3 Ways to Emulate the Masters Without Copying Them

Photo caption: Throughout the centuries, student artists have learned from and emulated artists, like da Vinci, in order to become masters in their own right. Image by 3444753 from Pixabay

For most artists, the paintings of the Old Masters, like da Vinci, and new masters, like Rockwell, are a constant source of artistic inspiration. These works represent the pinnacle of achievement and excellence

It is understandable that the many contemporary artists actually tend to look backwards when they want to level up their skills, find their artist voice and to create transcendent art.

However, for many, the question arises: How can I emulate the old and new masters without copying them? And how can I use this inspiration to help me find my voice?

Fortunately, for those interested in becoming professional artists, John Milan and Dalia Milan offered some advice to MAI Art Club members on this topic. Here are three ideas for using the Old Masters’ paintings for inspiration without copying them.

3 Tips for Emulating the Masters to Find Your Voice

1. Try to Think of the Process the Artist Used to Create the Work

This gem comes from John “DJ Freezy J” Milan. He said that he likes to emulate the Old Masters when he can, and when he does, he will sometimes try to emulate the process that the artist used to create such works. He strives to bring his personal style into such a work in a way that allows him to not be “noticed as an emulator,” but rather unique.

2. Take Singular Elements, not the Whole Thing

Dalia Milan says to look at the masterwork in question and take elements from it that inspire you. In Dalia’s case, she loves how Gustav Klimt paints and will sometimes use elements that he used in his paintings. 

In particular, she loves how he used patterns in the backgrounds of his paintings, so she began trying out some of the patterns he used, but on a limited scale. The small section of pattern she replicated became a springboard for patterns that were inspired by Klimt’s work, but uniquely hers. 

Here’s how she did it. She replicated a tiny section of Klimt’s background pattern. After finishing that small section, she played around with the pattern’s spacing, combining the elements in different combinations. In this way, she was able to master backgrounds and transcend her favorite master’s work until she created something new.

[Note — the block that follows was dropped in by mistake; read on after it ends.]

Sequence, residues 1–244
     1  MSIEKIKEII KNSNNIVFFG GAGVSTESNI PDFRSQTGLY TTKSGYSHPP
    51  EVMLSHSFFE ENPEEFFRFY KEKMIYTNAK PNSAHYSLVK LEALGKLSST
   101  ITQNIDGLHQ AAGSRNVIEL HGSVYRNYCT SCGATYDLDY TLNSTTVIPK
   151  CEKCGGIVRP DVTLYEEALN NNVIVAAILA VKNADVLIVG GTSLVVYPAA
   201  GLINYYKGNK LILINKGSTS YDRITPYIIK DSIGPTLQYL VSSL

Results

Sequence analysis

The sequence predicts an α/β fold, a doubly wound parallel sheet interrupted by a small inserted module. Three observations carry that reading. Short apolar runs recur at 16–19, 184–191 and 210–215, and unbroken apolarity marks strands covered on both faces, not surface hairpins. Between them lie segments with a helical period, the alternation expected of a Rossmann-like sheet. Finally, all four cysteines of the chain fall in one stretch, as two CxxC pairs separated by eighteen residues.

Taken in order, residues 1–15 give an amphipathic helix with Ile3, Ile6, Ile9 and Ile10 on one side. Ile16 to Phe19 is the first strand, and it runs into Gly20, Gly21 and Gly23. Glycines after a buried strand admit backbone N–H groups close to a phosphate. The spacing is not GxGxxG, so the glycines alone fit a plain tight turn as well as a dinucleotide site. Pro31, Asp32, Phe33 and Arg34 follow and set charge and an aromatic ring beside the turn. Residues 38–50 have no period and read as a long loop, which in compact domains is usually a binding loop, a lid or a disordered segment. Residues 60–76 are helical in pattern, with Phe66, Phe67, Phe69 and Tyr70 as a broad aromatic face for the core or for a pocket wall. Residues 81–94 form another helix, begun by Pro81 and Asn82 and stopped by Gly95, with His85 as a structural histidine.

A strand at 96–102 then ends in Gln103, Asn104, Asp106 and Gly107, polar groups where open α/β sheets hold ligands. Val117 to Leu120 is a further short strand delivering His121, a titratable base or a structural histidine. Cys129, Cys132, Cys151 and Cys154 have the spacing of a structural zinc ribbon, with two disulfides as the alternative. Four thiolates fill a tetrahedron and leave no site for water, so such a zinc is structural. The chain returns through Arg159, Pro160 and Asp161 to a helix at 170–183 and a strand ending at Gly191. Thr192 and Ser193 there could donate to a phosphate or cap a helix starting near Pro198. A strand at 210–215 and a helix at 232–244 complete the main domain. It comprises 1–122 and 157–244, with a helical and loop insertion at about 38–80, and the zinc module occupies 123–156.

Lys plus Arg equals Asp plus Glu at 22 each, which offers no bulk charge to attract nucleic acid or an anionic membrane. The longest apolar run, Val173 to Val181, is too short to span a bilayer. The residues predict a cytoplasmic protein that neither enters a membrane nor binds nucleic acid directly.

Photo caption: The Kiss by Gustav Klimt, Creative Commons

3. Combine the Old With the New

A common challenge for many forwarding-thinking artists is trying to choose between their love for the styles of the Old Masters paintings and the paintings of more contemporary masters. However, according to John, you don’t have to choose.

In John’s case, he loves very traditional Old Master artists from the past, like Hieronymus Bosch and Pieter Bruegel. He also loves the hieroglyphic style of Keith Haring. By combining the Old Master’s ability to pack a lot of information into a small space, with contemporary hieroglyphic art, John has been able to create a signature style all his own. It is an homage to the Old Masters’ paintings, but something altogether new, too.

Photo caption: The Garden of Earthly Delights by Hieronymus Bosch

Final Words on Using Old Masters Paintings as Inspiration

Culture warrior artists of today are wise enough to take a lesson from the past, while adding a unique touch that’s all their own. They may combine old with new, borrow a single element, like a pattern or attempt to copy the Master’s process in some way. 

You can get more tips from John and Dalia about emulating the Old Masters’ paintings on Art Club or catch up with these two masterful artists in the Masters’ Series, Vol. 1 class

Get More Ideas for Becoming a Master Artist in Your Own Right

3 Reasons Why Skill Is Non-Negotiable 

What I Wish I Knew as a Beginner Artist 

Elli Milan: How to Overcome Your Fear of Failure as an Artist

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